Switch devices are preferably provided in the form of cross points which present low capacitance by minimal coupling between the switch contacts and their respective switch operating elements. The switches are mounted on a plurality of input printed circuit cards and another plurality of output selection printed circuit cards. Each of the. cards includes a plurality of printed circuit transmission lines which present a certain characteristic impedance equal to the characteristic impedance of the signal sources connected to the various inputs. The input distribution cards and the output selection cards are interconnected by transmission lines on a board on which the cards are mounted. These lines also present the characteristic impedance. Unwanted couplings which could result in cross talk between switching circuit paths are minimized by arranging the switchs in symmetrical arrays which also facilitate the use of equal transmission line lengths between inputs and outputs, no matter which inputs and outputs are interconnected. The switching system thus presents the characteristic impedance and constant propagation delay throughout; thus, reducing VSWR and its consequent unwanted attenuation and delay distortion of the signals.
The foregoing and other objects and advantages of the invention and the invention itself will become more readily apparent from a reading of the following description in connection with the accompanying drawings in which:
FIG. 1 is a schematic diagram of a broadband matrix switching system embodying the invention;
FIG. 2 is a schematic diagram showing the goemetric arrangements of the circuits and switches of one of the input distribution cards used in the system shown in FIG. 1;
FIG. 3 is a schematic diagram showing the geometric arrangement of the circuits and switches of an output selection card used in the system shown in FIG. 1;
FIG. 4 is a plan view of one of the input distribution cards shown in FIG. 1;
FIG. 5 is an end view of the card shown in FIG. 4;
FIG. 6 is a fragmentary sectional view taken along the lines 6-6 in FIG. 4, showing the switch devices used on the input distribution card shown in FIGS. 4 and 5, and the connections thereof to transmission line paths provided in the card;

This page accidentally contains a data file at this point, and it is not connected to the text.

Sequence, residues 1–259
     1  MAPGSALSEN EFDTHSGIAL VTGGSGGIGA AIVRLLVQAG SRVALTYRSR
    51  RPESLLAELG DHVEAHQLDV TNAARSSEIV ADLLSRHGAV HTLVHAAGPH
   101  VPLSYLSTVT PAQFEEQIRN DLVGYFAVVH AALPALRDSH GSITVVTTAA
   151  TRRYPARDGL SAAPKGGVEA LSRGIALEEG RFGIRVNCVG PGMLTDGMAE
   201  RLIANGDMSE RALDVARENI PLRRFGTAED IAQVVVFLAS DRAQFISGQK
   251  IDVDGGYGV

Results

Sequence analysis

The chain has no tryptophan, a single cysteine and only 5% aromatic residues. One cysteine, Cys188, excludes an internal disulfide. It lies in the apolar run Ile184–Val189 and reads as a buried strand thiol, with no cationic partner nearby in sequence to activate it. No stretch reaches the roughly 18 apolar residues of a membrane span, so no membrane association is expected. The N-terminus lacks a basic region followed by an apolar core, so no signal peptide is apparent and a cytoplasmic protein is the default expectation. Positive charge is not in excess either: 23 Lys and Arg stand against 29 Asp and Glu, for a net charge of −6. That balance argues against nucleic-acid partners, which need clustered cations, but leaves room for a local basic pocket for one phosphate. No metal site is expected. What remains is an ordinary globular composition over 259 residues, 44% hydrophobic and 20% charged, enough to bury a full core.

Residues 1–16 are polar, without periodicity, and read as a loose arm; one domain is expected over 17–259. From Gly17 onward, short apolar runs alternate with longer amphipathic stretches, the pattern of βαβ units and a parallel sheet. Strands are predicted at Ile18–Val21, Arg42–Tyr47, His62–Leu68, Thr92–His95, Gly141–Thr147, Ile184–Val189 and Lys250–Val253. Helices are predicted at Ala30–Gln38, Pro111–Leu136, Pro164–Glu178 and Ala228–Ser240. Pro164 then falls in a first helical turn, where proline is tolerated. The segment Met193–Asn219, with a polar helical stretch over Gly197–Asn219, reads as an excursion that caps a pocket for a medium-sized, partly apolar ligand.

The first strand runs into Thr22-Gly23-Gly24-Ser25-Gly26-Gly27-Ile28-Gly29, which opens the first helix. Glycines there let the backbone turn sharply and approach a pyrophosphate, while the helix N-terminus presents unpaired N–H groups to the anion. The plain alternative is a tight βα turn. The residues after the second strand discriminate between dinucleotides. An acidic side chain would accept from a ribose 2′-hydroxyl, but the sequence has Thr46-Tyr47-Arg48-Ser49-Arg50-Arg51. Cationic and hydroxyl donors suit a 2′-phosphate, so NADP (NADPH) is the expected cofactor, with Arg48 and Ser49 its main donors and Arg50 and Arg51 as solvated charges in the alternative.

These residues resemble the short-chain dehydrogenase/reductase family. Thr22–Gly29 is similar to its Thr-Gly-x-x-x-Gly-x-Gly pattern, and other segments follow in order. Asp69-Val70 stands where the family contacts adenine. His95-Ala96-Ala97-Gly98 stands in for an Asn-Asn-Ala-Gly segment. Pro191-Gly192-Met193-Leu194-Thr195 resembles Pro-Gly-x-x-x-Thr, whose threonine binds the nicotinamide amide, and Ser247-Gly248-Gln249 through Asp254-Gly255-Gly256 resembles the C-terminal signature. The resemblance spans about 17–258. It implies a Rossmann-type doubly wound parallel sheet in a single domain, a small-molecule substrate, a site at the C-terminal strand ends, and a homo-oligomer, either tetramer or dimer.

FIG. 7 is a sectional view taken along the line 77 in FIG. 6.;
FIG. 8 is a plan view of one of the output selection cards used in the switching system illustrated in FIG. 1;
FIG. 9 is a plan view of the matrix switching system shown in FIG. 1 showing the input distribution cards and output selection cards in assembled relationship with amotherboard;
FIG. 10 is an end view of the assembly shown in FIG. 9 as viewed from the right;
FIG. 11 is a bottom view of the assembly shown in FIGS. 9 and 10.
FIG. 12 is a fragmentary sectional view showing connections between. a motherboard transmission line and a switching system terminal; the section being taken along the line 12-12 in FIG. 9; and
FIG. 13 is a fragmentary sectional view showing connections between a card transmission line and a motherboard transmission line, the section being taken along the line 13-13 in FIG. 11.
Referring more particularly to FIG. 1, there is illustrated a broadband matrix switch for connecting one or all of four outputs represented by the output terminals l0, 12, 14 and 16 to any of four inputs represented by the terminals 18, 20, 22 and 24. The system includes four input distribution cards 26, 28, 30 and 32, and four output selection cards 34, 36, 38 and 40. Each of the input distribution cards is identical and each of the output distribution cards are likewise identical. These modular printed circuit cards are mounted on a motherboard (not shown in FIG. 1, but illustrated in FIGS.